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Lancelet

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Lancelet
Branchiostoma lanceolatum.png
Scientific Classification
  • Kingdom: Animalia
  • Phylum: Chordata
  • Subphylum: Cephalochordata
  • Class: Leptocardii
  • Order: Amphioxiformes
Families
Japanese Lancelet
Japanese Lancelet.jpg

Lancelets, or amphioxus', are little known creatures. They look like small eels and can easily be mistaken for them, but they are not vertebrates.[1] They are used as a food source in China, but evolution scientists use them as a basis for the evolution of vertebrates. There are about thirty different species of lancelets, but they all have similar characteristics.[2]

Anatomy

Illustration of a Lancelet's anatomy
‎ On the outside a lancelet appears to be a very simple creature. They have a thin fish-like body that can grow from five to seven inches long.[3] Their skin is translucent and is responsible for most of the creature's respiration.[4] A median fin runs along the dorsal side of the creature, and extends all the way back to the posterior end of the animal. There is also a ventral fin on the underside of the lancelet.[5]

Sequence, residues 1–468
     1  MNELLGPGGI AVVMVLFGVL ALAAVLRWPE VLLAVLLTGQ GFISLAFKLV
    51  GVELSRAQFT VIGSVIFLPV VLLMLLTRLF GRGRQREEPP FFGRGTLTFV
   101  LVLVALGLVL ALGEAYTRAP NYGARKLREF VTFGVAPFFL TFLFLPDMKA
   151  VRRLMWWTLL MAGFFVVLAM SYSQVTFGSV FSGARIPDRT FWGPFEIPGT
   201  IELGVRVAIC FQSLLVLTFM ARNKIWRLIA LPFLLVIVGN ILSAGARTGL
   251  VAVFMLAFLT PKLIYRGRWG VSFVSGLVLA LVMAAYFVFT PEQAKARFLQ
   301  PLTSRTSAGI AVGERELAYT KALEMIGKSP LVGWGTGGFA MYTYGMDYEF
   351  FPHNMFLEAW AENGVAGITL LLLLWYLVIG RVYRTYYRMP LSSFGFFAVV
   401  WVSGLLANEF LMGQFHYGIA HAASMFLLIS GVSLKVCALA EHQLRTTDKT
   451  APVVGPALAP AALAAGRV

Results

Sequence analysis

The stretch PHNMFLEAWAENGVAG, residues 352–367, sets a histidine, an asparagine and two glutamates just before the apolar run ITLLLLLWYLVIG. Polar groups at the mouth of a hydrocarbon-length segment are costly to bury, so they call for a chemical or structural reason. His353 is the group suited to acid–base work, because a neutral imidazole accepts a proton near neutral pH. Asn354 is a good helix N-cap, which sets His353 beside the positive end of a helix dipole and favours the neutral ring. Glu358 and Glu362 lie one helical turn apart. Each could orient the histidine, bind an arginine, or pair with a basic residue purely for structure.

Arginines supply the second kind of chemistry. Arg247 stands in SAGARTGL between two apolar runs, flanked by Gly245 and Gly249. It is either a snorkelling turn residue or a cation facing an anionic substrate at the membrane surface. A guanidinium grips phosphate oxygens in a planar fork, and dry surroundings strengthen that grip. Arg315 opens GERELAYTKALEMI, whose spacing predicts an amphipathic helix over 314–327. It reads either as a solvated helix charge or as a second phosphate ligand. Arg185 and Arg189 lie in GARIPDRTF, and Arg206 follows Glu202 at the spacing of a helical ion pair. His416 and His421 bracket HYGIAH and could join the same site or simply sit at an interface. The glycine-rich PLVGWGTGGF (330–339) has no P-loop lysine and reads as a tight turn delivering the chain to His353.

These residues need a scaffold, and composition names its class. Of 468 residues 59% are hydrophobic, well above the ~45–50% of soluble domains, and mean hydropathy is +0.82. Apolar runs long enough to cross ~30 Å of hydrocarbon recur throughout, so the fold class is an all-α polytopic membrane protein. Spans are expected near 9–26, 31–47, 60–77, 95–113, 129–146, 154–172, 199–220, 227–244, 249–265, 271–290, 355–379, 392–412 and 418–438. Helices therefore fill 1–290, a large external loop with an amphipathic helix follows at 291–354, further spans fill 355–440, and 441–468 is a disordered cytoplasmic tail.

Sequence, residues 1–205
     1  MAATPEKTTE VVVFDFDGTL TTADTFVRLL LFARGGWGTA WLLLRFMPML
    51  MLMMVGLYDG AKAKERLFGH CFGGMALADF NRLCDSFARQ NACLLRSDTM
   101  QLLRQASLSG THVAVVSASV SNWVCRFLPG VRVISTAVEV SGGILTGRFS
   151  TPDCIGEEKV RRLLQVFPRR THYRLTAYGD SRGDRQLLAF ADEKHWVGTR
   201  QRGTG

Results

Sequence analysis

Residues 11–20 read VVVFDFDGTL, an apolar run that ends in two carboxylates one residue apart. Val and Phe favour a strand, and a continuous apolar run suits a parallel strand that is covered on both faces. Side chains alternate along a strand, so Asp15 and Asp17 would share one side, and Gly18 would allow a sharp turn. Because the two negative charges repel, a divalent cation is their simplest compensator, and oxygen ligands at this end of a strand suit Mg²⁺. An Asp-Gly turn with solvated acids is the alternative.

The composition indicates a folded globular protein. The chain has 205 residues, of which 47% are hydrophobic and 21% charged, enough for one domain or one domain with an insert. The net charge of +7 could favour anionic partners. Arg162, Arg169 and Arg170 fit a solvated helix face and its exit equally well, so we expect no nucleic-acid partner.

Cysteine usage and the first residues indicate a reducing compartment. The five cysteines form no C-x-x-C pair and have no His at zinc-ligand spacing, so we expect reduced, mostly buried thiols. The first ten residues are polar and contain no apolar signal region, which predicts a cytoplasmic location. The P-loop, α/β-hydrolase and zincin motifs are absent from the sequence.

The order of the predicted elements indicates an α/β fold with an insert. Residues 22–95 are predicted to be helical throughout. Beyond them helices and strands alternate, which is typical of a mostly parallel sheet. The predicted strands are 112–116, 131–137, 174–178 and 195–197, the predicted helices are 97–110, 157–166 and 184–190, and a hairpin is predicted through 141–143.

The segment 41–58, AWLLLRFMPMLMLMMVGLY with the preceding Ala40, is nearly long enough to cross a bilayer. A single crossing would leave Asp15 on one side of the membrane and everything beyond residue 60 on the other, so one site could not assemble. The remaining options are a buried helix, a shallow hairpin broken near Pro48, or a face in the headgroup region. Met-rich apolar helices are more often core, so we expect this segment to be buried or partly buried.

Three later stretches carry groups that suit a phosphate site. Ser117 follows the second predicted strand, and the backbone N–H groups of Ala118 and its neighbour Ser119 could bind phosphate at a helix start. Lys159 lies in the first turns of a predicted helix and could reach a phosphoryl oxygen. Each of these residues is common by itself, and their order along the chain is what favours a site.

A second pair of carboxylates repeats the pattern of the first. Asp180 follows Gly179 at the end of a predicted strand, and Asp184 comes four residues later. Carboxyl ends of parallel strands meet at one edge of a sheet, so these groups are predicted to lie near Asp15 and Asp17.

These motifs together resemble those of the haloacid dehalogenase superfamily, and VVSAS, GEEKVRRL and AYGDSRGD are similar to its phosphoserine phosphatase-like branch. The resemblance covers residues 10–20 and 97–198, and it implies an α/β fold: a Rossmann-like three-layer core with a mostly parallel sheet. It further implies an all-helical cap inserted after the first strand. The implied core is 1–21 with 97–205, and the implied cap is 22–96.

The animal has several openings on its body. At the anterior end there is the mouth opening with several cirri that act as filters for food and as sensory input. The openings also include pharyngeal slits on both lateral sides of the animal that are used when the animal is feeding. The anus, which is used for the excretion of waste, is located on the ventral surface of the animal toward the posterior end.[6] Also located on the ventral side of the animal and a little more anterior than the anus, is the atriopore, which is used to release water from the amphioxus' body.[7]